- WHAT'S HOT
- MILL VALLEY SHOP
- OUR FIT STUDIO
- TRIPS, BLOGS, PIX
While Mount Tamalpais is certainly not the highest peak in the Bay Area, but it’s perhaps the most visually dominating, presenting a graceful profile to San Francisco and the East Bay. Mt. Tam is also an iconic destination for hikers and cyclists, with numerous possibilities for making a memorable ascent. For today’s ride, we’ll climb on our mountain bikes and take a classic MTB climb up to East Peak via Old Railroad Grade and the return via the backside. Once the route of the "Crookedest Railroad in the World," the eight mile steam powered ride up was a popular pastime for tourists from the city. The rising popularity of the automobile hastened the railway's demise in 1930.
Our route today starts from the Studio Velo store and shop, in downtown Mill Valley. Ride though the plaza parking area and upon exiting turn right, then make a left at the Bank of America onto Corte Madera Ave., passing in front of the fire house, after which we’ll make a quick right at the shoe repair shop, then a left onto West Blithedale Ave. and head up the canyon through the towering redwoods. After 1.6 miles we’ll get off-road at the gated Old Railroad Grade fire road. The route can be busy on weekends, so keep right to avoid fast downhill riders. Bear to the left when the road dips down to cross the creek and then resume climbing to arrive at another fire gate at Summit Ave. Turn right on Fern Canyon Rd. and take in some nice glimpses of what lies ahead; a half mile later we get back on the dirt. Soon excellent views of Mill Valley below, then southern Marin and the city begin to unfold as we roll into a series of switchbacks known as Double Bowknot. Here we’ll bear hard to the right to continue up, and pass through the remnants of old station platforms.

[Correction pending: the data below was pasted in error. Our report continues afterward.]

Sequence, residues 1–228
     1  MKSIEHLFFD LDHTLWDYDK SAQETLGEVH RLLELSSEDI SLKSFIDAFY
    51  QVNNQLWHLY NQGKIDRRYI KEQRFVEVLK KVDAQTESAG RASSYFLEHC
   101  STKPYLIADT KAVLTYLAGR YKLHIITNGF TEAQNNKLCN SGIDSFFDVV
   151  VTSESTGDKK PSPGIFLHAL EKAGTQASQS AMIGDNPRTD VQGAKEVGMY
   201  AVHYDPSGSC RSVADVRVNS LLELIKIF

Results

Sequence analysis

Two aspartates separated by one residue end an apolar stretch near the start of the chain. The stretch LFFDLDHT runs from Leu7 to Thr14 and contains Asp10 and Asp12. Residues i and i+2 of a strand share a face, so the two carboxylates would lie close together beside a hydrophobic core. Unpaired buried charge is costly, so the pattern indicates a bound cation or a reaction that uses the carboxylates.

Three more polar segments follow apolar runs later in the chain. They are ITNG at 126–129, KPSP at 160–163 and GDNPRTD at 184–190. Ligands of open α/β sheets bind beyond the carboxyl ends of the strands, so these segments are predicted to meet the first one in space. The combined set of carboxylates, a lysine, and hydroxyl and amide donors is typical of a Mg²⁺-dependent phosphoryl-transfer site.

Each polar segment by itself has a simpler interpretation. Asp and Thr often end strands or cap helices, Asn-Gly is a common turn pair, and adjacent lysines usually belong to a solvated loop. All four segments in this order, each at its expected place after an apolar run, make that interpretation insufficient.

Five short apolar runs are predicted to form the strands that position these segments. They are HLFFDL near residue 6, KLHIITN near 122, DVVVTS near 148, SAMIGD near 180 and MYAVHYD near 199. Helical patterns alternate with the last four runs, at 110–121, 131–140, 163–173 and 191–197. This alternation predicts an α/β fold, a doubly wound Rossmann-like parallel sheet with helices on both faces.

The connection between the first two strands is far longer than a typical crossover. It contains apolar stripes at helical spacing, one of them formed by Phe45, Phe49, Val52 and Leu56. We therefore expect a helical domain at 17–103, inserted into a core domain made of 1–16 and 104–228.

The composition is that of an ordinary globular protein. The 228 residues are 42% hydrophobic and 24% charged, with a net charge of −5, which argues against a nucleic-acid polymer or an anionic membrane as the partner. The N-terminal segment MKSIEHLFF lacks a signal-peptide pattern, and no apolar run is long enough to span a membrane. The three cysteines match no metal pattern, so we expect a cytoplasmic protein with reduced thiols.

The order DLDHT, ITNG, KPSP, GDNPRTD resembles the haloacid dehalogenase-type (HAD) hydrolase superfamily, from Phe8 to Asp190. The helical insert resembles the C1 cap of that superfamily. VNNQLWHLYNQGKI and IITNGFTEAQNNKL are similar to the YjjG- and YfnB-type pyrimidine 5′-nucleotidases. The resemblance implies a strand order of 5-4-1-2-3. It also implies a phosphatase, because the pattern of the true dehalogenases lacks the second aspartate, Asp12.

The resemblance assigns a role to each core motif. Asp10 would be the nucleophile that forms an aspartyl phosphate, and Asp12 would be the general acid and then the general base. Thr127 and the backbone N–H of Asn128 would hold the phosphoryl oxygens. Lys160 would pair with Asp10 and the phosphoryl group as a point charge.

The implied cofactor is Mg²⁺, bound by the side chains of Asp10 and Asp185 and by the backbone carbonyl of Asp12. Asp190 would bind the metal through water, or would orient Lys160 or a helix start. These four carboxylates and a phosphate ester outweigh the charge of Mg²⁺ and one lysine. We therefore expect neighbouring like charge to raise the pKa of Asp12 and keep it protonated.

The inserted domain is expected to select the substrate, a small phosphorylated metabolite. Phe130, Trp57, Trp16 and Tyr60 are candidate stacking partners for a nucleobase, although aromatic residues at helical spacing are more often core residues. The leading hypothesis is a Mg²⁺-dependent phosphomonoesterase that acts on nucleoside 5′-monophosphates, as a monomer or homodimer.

At the third bow we’ll ride past the Hoo-Koo-E-Koo fire road on the right, then further along you'll see steep Hog Back Fire Rd. falling away on the left down to the Mountain Home Inn and Panoramic Hwy,. Unfortunately, this fire-road is closed to bikes. In front of us we’ll see the West Point Inn across the small canyon. There’s water available here, along with great views and some picnic tables for lounging. To complete our ascent, we continue to the right around the Inn for a last push up to the saddle between the Middle and East Peaks of Mt. Tam. After passing through the gate's turnstile, go right on the paved road (Ridgecrest Blvd.) and take your choice of routes up to the visitor’s area, where you’ll find restrooms, water, a snack bar on weekends and a small museum devoted to the trains that once arrived here. At 2400 feet the views are truly outstanding in every direction and if it’s your first trip to the top of Tam you’ll want to allot time to take them all in.
Exit via the parking lot, and take a right on Eldridge Grade just before rejoining the paved road. The upper portion is pretty rocky and makes for a very technical descent; you may want to stop if you find the seemingly infinite views over northern Marin are to distracting. As it descends road makes three distinct zigzags, after which, at 11 miles (2.5 after entering Eldridge), you’ll make a sharp right on Indian Fire Rd. (it’s not signed). We roll for another half mile and make another hard right on to the Hoo-Koo-E-Koo as the views to the east open up – it gets very steep here, so keep your speed in check and hold back on the temptation to cut loose as we’ll make another very 90 degree right in just a few yards. The Hoo-Koo-E-Koo makes a big dip before giving us our final climb of the day. We soon rejoin Old Railroad Grade at 13.5 miles, revisit Doublebow Knot and then enjoy a swift descent back down to Blithedale Canyon. After couple hundred yards of pavement, look for the Corte Madera Ave. on your right for a less trafficked return into town. You’ll rack about 18 miles and 2800' on your ride specs for this classic circumnavigation, and probably be making plans to ride it again.